3. Device Buffering and other Practical Considerations for Passive Models

Control units designed and manufactured by GMI are either purely passive or include active gain parts.

The passive model control units include:

  • Models 19xxx - Continuously variable, current controlled, absorptive attenuators
  • Models D19xxx - Continuously variable, voltage controlled, linearized absorptive attenuators
  • Models 772xxx - Phase shifter/Frequency translator with digital /analog control
  • Models 712xxx,112, 116, 121 - I.Q. Vector modulators with digital /analog controls

These passive models will exhibit changing VSWR over its attenuation or phase range. Such VSWR variation is an anticipated phenomenon and remains within the specified data sheet specification limits. As shown in above examples this will cause additionally undesirable phase and amplitude variations due to the imperfect VSWR of the adjacent system components. Alternatively, improved accuracy and variation can be realized by adding attenuators or isolators at input and/or output ports of the control device. This solution is very wideband and robust, however at the expense of some output power loss.

To improve the accuracy and reduce the variation, users recalibrate the inserted control device to create correction factors at each control state and frequency sub-bands as necessary.   This is a time and memory intensive process.   Alternative combined calibration process can be used with some performance limitations. With DUT initially calibrated at the factory, user is supplied with a memory mapping that correlates the correct digital control with the required amplitude or phase. Then the user calibrates the DUT in the system only at one of the states (e.g. zero state) over the operating frequency range. User then adds calibration data factory supplied memory mapping provided by the factory and computes the control for each required amplitude or phase value. The combined calibration process is ignoring the fact that for each different control (state or mode) of the DUT its output VSWR will be with a different value. The effect of changed output VSWR with non-ideal load VSWR reflected by the system will cause additional amplitude and phase errors.

4. Combined Calibration for Active Models

The active control units, such as ACM (Amplitude Control Unit) and APCM (Amplitude and Phase Control Unit) models include input and output amplifiers and band selection modes. Amplifiers act as a buffer between the changing VSWR of the attenuator or phase passive control unit and the load (system VSWR). Thus external input or output attenuator buffering is not required.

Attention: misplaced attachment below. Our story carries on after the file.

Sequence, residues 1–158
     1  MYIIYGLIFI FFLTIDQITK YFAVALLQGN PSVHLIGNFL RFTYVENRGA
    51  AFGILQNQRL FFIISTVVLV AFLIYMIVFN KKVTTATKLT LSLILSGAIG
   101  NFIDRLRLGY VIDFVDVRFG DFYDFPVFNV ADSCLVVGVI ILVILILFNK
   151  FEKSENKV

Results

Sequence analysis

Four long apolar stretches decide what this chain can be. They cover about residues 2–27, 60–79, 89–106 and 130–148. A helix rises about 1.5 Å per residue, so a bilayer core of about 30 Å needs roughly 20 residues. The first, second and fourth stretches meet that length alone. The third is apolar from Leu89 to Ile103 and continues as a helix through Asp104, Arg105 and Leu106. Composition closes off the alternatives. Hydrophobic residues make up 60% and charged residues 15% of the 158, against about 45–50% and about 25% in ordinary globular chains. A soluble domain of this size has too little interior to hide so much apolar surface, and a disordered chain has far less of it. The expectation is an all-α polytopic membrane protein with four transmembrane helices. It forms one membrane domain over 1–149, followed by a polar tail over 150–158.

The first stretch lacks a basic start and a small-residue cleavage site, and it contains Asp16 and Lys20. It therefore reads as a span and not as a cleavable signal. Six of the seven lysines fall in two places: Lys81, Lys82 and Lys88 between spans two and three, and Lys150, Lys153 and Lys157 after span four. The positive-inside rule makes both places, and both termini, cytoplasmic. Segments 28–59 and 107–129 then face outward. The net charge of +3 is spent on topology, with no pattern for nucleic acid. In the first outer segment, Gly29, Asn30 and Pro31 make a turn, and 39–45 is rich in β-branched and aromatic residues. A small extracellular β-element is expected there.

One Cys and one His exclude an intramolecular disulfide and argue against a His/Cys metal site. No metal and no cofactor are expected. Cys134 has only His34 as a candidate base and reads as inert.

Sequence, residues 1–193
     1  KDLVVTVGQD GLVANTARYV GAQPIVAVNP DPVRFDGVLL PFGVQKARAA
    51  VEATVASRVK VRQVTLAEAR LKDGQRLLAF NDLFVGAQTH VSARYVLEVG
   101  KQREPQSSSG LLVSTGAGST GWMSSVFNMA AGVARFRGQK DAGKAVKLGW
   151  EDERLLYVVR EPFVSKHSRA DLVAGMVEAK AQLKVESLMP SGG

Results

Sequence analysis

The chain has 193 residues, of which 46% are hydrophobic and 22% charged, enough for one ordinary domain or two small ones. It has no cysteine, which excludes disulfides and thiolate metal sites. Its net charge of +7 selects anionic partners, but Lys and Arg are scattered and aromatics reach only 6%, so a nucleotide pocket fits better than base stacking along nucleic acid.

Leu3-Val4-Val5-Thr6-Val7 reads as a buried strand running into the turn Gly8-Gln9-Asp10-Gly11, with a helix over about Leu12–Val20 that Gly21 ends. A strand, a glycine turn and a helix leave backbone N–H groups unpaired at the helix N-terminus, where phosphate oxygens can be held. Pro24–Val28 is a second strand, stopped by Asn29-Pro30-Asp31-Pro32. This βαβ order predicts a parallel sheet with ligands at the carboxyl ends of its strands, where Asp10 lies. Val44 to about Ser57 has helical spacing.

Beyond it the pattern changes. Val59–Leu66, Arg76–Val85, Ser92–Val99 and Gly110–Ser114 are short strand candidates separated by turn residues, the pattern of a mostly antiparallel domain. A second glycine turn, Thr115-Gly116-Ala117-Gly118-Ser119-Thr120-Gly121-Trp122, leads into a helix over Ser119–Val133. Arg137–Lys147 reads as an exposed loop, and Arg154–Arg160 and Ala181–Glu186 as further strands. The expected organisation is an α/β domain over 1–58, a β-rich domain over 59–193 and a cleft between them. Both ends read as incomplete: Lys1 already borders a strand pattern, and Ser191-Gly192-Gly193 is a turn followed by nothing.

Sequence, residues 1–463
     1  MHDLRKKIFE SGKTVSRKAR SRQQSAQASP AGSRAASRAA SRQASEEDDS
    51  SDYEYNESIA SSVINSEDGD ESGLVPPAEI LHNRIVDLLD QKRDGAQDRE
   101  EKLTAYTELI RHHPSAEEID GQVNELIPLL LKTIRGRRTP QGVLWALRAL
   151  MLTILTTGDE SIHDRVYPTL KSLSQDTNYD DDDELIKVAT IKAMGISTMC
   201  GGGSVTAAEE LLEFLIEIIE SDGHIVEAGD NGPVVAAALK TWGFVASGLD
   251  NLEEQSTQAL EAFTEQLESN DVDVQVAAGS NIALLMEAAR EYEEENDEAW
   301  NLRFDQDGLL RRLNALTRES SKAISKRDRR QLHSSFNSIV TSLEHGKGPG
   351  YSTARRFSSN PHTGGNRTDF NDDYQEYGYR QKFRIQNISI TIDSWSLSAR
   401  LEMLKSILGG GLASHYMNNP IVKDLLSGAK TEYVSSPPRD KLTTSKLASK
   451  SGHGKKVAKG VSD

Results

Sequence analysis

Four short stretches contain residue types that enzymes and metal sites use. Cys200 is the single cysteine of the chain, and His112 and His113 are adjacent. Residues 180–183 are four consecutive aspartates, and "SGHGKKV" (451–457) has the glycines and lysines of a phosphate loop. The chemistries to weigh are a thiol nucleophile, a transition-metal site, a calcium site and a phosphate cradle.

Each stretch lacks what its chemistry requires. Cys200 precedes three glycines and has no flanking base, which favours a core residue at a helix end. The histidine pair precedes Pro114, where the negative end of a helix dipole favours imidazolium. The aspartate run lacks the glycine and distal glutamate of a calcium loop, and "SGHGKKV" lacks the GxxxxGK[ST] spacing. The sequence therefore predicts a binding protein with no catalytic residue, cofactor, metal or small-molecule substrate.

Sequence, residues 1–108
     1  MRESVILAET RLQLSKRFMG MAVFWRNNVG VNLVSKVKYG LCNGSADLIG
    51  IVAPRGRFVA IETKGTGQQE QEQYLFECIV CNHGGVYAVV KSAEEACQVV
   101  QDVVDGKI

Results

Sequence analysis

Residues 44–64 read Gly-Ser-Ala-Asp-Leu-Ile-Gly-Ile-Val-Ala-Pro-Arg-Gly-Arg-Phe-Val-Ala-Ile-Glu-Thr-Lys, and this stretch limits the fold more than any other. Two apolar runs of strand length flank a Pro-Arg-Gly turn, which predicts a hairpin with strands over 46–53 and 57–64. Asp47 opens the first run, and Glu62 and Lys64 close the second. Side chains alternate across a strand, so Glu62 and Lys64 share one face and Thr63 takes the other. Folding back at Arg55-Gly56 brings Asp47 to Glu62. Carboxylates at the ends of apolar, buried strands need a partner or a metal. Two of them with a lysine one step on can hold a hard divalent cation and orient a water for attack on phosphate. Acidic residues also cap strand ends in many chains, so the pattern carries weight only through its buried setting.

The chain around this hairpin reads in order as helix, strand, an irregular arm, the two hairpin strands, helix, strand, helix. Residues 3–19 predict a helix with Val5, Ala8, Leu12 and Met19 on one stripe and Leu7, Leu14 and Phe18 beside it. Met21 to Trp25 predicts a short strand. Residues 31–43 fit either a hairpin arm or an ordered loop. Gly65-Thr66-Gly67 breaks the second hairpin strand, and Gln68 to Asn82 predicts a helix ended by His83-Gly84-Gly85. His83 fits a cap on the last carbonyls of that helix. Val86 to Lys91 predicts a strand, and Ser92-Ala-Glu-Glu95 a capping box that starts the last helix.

By using active control unit such as ACM or APCM a combined calibration method may be used. The ACM or APCM will be calibrated in the factory for the following conditions:

  • Amplitude Step -              25 dB (0 to 60 dB)
  • Phase Step -              5° (0 to 360°)
  • Frequency Step -              ~100 MHz (0.5-2GHz or 2-18GHz or 18-40GHz)

Upon request GMI will provide a full calibration file for each module. In the system the ACM and APCM may be calibrated only at “zero” state and all further states may be derived directly from the calibration files. System designer must be aware that if the system includes several modes with different VSWR, a control unit (ACM or APCM) will need a separate calibration for each mode.

By using this combined calibration method total system accuracy after calibration over frequency, attenuation, phase and time is expected to meet:

  • Amplitude Accuracy -              ±1 dB
  • Phase Accuracy -              ±2°
  • Atten Dynamic Range -              Standard ACM module can support 100 dB attenuation range

5.Output Power Enhancement

Wideband ACM and APCM models include an output filter bank to meet harmonic rejection requirements at higher input power levels. Application of the combined calibration method in Section 4 requires that ACM and APCM operate as a “linear device”. Added loss of the filter bank limits the output power linear region to bout 5-10 dB below the 1dB compression point.

In the case where user needs more output power, there are two solutions to consider:

  1. Remove the output filter bank, thus increasing output power by about 10dB with a significant degradation of harmonics levels.
  2. Increase the output power capabilities of the amplifier within the ACM or APCM as well as the power handling of the switched filter bank. This solution will maintain desirable harmonic rejection. On the downside, this approach considerably increases the design complexity (power consumption, heat dissipation and size) and the cost of the modules.